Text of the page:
I feel that to honour Ayahuasca is to honour the wisdom and the nature of its healing. The medicine has made its way into other cultures and areas of the world for a reason. It is a medicine and it’s treating illnesses. These illnesses are not only physical. That is simply one way that they manifest. These illnesses appear in many ways, some that might even be considered to be ‘normal’ and they don’t only exist in one area of the world, they exist everywhere. This is why integration is important for all – even though it may be experienced and/or pursued differently for each of us. Integration is a new tradition and I believe it’s a good one. Sometimes, we may be in danger of honouring the traditions more than the values of Ayahuasca. This reminds me of the reason why religion confused me and mostly failed to inspire me – Christianity and Catholicism in particular. It occurred to me very early in life that in many situations, the focus of religion was on tradition and rules rather than living the values at the very core of the religion. They forgot about love – the most sacred of all values.
My own relationship with Ayahuasca has been both of a traditional and non-traditional nature. However, the teachings align very closely with many espoused by the masters. To honour Ayahuasca, we need to give those who have been learning from these teacher plants for many years and generations a voice in our communities. They carry with them the kinds of teachings that transcend tradition and speak to the very heart of the human experience. This wisdom carries with it the capacity to bring us together and through healing, so many of us can see how harmful divisive social attitudes (or should I say antisocial attitudes?) can be despite the best of intentions. This issue of Ayahuasca spreading into other cultures and how it used and regarded or disregarded etc can be an opportunity for us to heal a wound created long ago – a division that may be ready to heal. If we allow for it, this will be a profound accomplishment that will definitely serve all.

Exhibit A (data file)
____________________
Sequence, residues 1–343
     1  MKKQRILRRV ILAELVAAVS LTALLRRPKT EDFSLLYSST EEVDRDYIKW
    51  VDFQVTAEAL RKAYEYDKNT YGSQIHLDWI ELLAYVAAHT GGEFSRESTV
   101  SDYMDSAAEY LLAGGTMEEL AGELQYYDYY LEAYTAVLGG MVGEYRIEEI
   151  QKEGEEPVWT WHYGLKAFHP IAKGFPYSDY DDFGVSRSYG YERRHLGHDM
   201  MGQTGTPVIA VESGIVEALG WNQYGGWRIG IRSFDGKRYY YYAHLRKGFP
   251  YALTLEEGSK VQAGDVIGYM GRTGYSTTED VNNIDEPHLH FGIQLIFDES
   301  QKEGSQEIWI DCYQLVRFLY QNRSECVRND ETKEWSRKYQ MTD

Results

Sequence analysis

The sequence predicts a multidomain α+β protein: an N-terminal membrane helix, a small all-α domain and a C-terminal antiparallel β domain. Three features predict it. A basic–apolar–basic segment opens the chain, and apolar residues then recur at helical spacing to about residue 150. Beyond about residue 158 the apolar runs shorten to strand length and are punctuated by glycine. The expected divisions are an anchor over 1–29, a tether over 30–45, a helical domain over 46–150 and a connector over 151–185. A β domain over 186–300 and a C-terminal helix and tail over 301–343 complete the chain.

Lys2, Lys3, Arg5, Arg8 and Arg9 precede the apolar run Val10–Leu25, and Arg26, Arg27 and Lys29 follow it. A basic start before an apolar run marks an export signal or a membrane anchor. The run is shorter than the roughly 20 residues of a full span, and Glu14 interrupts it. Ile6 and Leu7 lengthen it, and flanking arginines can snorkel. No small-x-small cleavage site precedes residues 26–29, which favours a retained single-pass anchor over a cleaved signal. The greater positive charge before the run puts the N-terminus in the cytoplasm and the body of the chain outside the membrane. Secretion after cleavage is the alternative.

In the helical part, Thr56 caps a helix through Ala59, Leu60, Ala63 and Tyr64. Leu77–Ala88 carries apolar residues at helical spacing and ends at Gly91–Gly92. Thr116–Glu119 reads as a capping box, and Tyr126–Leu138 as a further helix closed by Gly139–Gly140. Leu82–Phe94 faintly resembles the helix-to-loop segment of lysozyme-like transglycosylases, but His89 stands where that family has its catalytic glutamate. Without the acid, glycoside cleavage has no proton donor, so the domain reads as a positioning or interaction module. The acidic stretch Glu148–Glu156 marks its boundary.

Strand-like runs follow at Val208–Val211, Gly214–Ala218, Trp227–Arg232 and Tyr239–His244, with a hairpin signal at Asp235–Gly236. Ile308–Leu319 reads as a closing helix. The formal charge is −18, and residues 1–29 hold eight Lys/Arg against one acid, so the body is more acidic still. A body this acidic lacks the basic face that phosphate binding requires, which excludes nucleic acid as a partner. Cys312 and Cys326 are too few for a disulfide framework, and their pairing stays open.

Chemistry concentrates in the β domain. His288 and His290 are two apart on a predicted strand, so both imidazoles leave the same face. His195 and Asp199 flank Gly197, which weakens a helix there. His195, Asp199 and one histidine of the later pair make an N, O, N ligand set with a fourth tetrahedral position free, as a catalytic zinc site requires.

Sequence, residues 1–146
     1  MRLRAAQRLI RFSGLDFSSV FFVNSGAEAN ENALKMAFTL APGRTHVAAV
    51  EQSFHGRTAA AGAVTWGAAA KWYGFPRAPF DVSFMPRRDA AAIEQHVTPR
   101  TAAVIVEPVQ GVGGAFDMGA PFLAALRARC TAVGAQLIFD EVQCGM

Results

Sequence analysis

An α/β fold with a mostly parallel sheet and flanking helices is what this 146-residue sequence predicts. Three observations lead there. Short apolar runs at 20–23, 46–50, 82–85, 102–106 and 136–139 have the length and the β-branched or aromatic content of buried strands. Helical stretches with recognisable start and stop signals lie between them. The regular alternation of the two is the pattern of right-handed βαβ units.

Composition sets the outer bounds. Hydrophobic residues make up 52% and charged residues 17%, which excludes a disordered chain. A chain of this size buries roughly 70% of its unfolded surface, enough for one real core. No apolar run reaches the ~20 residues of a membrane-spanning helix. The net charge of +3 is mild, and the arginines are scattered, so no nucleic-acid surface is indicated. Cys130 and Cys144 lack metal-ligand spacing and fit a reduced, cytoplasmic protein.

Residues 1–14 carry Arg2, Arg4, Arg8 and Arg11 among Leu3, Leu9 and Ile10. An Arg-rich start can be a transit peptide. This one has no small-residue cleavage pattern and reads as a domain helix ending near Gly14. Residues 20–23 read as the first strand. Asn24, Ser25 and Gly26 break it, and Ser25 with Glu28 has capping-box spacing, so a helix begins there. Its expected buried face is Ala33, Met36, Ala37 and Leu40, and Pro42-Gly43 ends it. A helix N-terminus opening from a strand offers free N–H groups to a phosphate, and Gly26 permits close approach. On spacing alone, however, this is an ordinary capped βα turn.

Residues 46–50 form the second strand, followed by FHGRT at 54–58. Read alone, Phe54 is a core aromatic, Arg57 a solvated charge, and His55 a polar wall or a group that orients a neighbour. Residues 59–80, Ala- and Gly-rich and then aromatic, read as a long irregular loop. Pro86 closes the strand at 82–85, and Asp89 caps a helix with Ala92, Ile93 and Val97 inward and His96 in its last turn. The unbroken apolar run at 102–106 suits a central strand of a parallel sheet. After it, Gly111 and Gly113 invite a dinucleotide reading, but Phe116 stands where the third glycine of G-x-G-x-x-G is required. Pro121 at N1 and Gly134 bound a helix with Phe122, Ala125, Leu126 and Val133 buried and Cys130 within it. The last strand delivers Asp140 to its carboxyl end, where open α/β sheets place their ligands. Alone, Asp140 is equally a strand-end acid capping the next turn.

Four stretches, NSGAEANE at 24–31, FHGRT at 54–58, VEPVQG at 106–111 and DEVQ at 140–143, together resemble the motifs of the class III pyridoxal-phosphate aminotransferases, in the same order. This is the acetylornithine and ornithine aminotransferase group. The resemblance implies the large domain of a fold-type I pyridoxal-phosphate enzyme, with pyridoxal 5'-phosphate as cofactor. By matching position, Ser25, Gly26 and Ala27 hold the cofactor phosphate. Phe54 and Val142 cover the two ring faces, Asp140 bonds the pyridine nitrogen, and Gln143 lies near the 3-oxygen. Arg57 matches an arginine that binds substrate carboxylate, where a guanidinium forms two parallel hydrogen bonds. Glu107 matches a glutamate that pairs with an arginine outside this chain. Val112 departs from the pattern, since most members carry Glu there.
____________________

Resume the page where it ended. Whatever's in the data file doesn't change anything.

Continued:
I experienced Ayahuasca in what would be considered by many to be a traditional setting in the jungle with Maestras and Maestros from the Shipibo tradition. Except for the fact that there were people from all over the world receiving the medicine, I believe that these incredibly loving and gifted shamans performed their work in a way that was considered to be traditional. I admired everything about them and it was clear to me that they loved their work, which is very important. All of this work was being done so that we could experience the gift of Ayahuasca. What would be the point of any of it if we didn’t follow the wisdom of this teacher plant? As many people do, I had a dialogue with Ayahuasca from the very beginning. Ayahuasca hinted to me back then the nature of the work that I would do – working with the medicine in some way – and I was so reluctant. I figured that this would entail years of training under the tutelage of Maestras/Maestros and I had a young son that needed me at home. One of the reasons I was there was to heal from depression which had compromised my connection with my son and everyone else but especially, with me. Ayahuasca’s response to my reluctance was “don’t worry, we will stay with you”. And so ‘they’ did.